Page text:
Stevens attended school in Chicago, and received his BA in English from the University of Chicago in 1941. He started on his Masters Degree in the same year, but enlisted in the US Navy after Pearl Harbor. He served honorably and well. He became an intelligence officer, and he was part of the team that broke the Japanese military code leading to the shooting-down of the plane carrying Japanese Admiral Yamamoto in 1943. He married Elizabeth Sheen in 1942, whom he divorced in 1979. He re-married that December, thus once again following in the footsteps of William O. Douglas, who also had a tendency to marry younger women.

Two of Stevens's brothers had become lawyers, and though Stevens himself wished to return to his English studies, they convinced him to attend law school at nearby Northwestern University instead. He earned a J.D., which at the time (1947) was a more extensive degree than the more common LL.B. The J.D. granted an additonal academic standing which was a boot up on teaching law. He graduated summa cum laude, with the highest grade point average in the history of the law school up to that time.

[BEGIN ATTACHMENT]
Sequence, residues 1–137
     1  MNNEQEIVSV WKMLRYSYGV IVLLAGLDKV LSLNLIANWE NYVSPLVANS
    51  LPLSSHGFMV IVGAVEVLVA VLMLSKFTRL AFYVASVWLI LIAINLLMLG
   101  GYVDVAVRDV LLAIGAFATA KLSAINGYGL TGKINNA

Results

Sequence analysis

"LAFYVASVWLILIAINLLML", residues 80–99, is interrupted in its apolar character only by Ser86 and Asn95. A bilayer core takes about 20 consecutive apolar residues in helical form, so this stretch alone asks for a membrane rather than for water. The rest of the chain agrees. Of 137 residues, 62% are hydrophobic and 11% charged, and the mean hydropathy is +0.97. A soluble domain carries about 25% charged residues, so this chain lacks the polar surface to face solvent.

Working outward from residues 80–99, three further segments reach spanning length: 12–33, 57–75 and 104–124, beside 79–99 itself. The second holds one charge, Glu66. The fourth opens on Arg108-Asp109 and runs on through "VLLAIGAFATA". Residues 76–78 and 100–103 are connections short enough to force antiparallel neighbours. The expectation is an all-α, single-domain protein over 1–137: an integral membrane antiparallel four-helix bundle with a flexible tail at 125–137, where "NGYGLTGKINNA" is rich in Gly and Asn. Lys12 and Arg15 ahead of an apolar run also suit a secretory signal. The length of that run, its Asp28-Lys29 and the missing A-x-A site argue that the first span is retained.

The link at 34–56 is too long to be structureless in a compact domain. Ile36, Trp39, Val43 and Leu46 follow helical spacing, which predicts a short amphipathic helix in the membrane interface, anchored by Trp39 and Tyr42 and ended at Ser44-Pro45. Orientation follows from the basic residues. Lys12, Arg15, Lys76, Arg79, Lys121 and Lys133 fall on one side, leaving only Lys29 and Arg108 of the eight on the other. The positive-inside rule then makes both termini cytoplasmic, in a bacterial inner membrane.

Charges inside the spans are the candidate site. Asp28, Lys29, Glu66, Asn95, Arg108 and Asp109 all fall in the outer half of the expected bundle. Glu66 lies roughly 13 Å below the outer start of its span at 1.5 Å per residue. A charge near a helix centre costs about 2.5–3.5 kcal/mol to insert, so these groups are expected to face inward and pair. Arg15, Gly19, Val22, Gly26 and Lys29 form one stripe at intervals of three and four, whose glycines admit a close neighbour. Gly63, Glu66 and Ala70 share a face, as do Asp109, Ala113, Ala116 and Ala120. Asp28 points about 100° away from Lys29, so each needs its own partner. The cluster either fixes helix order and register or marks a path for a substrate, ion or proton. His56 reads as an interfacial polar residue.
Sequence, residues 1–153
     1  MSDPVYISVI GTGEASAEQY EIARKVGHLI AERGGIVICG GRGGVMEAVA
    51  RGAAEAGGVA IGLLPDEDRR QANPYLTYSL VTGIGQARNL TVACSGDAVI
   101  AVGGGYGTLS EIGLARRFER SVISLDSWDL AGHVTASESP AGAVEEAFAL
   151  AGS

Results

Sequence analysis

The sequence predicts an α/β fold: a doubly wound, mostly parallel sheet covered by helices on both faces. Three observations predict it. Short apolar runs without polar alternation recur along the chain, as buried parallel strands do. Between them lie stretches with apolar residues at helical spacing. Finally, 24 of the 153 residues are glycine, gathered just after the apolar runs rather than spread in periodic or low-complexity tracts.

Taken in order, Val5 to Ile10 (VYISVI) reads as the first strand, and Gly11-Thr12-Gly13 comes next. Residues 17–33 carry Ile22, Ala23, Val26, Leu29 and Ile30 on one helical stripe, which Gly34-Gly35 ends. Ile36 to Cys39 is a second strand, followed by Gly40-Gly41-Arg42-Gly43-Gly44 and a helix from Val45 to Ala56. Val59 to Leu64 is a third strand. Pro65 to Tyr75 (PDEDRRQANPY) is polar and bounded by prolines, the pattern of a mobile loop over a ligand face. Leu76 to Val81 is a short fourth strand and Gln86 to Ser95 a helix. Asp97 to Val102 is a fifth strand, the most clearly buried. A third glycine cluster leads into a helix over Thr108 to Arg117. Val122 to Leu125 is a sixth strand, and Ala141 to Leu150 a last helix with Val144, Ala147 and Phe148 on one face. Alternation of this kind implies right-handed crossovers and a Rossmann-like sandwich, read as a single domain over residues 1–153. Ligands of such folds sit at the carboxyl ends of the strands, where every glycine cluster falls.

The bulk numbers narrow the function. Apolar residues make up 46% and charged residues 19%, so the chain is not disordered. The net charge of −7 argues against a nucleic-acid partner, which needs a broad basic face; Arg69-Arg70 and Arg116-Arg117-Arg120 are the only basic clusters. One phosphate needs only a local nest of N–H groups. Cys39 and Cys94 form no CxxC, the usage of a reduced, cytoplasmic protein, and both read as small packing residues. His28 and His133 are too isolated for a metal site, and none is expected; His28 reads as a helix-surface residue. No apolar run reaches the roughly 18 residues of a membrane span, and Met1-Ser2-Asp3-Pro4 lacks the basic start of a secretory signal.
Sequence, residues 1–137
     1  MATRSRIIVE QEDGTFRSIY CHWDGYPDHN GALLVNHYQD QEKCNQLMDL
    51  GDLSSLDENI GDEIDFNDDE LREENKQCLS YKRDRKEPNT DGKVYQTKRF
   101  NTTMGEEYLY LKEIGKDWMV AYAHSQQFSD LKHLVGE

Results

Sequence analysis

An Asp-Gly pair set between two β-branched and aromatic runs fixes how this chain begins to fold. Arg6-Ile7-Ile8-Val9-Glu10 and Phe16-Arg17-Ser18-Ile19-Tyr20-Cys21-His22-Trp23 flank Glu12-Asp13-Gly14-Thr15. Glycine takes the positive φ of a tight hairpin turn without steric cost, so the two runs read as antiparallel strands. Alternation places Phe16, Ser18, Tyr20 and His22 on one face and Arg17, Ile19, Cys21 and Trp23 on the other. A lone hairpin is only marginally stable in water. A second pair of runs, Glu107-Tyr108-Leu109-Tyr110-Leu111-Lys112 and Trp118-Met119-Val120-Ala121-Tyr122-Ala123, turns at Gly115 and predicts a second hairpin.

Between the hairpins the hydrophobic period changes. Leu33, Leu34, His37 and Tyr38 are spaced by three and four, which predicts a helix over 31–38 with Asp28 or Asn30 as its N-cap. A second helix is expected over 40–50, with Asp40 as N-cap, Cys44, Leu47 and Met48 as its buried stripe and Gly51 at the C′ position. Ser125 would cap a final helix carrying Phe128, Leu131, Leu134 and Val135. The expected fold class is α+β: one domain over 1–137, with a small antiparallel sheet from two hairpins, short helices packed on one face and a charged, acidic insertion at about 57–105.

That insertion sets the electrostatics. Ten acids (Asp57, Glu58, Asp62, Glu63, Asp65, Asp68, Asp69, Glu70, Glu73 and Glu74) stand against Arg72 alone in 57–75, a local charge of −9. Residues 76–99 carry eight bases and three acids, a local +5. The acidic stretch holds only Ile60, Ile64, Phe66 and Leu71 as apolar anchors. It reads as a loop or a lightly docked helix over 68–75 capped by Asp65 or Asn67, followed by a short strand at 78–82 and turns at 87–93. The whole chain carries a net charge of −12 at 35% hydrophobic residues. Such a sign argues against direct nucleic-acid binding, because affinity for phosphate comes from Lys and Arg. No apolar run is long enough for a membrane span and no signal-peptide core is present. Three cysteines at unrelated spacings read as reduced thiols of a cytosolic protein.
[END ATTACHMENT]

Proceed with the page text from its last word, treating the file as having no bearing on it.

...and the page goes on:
Stevens never actually taught law in his younger days, however. But his legal career was indeed stellar. Having won the complete respect of the university law school faculty, he was recommended to the U.S. Supreme Court Clerk's office, and immediately appointed clerk for Justice Wiley Rutledge. After finishing his service, he returned to Chicago to join a major antitrust law firm upon his admission to the Illinois Bar in 1949. After being docked a day's pay by the law firm for going to his admission swearing-in, he left and formed his own law firm. In 1951, he was called to serve as Associate Counsel to the House Subcommittee on Monopoly Power within the House Judiciary committee. In 1952, he returned home, and formed a new law firm, with himself as the lead counsel in all antitrust matters.